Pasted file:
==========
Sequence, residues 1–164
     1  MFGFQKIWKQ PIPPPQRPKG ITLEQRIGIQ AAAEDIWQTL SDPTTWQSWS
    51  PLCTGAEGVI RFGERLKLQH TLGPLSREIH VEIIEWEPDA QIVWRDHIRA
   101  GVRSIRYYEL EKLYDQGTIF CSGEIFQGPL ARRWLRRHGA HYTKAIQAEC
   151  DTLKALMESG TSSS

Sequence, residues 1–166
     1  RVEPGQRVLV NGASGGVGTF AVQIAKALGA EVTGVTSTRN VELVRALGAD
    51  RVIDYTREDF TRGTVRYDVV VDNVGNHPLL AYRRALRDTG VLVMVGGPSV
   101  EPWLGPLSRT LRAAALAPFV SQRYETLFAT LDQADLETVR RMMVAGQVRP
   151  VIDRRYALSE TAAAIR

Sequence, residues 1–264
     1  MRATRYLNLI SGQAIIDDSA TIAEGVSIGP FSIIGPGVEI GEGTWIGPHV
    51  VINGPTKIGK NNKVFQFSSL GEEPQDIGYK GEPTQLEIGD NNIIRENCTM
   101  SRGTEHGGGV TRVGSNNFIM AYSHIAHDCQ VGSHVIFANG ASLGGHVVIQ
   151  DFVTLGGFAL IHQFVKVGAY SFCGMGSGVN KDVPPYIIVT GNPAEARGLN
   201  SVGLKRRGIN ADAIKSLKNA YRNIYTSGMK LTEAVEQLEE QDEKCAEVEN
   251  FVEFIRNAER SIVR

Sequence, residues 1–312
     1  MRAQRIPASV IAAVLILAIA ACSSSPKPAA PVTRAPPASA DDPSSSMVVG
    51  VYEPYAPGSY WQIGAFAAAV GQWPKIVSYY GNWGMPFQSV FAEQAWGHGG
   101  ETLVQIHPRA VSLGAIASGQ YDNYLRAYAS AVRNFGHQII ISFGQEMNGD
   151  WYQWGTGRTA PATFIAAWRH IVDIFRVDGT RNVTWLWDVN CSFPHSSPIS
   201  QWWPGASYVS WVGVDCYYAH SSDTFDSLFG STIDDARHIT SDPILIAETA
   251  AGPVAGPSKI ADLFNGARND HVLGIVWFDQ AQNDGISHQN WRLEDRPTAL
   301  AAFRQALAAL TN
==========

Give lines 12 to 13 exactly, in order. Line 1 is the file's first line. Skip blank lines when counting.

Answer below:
     1  MRATRYLNLI SGQAIIDDSA TIAEGVSIGP FSIIGPGVEI GEGTWIGPHV
    51  VINGPTKIGK NNKVFQFSSL GEEPQDIGYK GEPTQLEIGD NNIIRENCTM